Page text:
- Hotel website: Longitude 131°
- Review: to read my review of Longitude 131°, click here.
7. W PARIS OPERA, FRANCE: SUPERTINY ROOM
Near landmark museums, the Opéra Garner, and the famous shops and dining of Rue du Faubourg Saint-Honoré, W Paris Opéra bills itself as one of the best hotels in the French capital, amplifying the colorful culture of Paris with its dynamic spark. And while there are several good things to be said about the hotel (such as the super central location, the great staff, and the young vibe), there’s no denying that hotel has one major shortcoming: the hotel spaces are very cramped, and even feel claustrophobic. The lobby has the ambiance of a closet, the gym area is too small, and the supertiny rooms seem designed for hobbits. Because of my SPG status, I was upgraded to a so-called “spectacular room” during my stay, which was still very tiny so I cannot imagine how small the lower category rooms must be. In addition, I was there during a rare Parisian heat wave and the air conditioning did not work nor was it fixed during my stay, despite me contacting the staff multiple times (which made the whole experience quite miserable). Despite being a very loyal SPG customer, I will not return to the W Paris Opéra anytime soon.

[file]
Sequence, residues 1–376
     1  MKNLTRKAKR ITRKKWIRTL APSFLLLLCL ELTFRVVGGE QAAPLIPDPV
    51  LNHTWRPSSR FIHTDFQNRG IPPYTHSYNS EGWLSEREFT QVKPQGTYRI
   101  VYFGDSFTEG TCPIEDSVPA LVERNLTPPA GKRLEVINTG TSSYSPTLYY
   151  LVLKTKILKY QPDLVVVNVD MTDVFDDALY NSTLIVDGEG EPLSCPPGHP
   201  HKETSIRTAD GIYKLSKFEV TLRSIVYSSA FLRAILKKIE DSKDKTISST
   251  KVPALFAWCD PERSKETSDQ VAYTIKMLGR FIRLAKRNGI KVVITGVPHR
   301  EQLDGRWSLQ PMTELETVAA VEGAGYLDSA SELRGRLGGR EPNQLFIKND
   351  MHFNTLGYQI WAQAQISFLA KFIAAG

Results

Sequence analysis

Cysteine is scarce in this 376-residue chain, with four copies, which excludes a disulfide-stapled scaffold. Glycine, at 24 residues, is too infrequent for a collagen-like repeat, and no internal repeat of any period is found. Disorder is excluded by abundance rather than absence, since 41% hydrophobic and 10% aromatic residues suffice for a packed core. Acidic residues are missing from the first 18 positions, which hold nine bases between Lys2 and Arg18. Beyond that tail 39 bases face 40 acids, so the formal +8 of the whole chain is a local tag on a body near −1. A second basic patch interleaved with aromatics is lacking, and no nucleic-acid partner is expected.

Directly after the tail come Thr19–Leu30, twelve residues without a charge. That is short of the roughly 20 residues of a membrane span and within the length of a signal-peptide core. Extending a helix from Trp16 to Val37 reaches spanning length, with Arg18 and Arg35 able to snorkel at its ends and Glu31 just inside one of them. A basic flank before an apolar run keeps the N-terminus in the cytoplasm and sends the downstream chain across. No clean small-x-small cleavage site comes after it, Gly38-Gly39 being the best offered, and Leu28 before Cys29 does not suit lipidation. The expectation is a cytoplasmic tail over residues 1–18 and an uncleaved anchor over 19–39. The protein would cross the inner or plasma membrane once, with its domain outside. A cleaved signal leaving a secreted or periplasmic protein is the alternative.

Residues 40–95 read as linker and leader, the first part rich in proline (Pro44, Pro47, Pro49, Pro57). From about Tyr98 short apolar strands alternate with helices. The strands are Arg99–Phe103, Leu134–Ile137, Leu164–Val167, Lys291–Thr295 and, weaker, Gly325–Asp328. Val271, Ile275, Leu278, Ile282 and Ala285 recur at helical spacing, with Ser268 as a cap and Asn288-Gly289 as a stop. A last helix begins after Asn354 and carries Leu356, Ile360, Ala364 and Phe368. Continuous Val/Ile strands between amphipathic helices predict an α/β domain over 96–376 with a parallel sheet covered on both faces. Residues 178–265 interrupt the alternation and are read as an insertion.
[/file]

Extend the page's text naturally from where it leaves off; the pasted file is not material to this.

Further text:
- Hotel website: W Paris Opéra
6. SAN CLEMENTE PALACE, VENICE: CREEPY DESIGN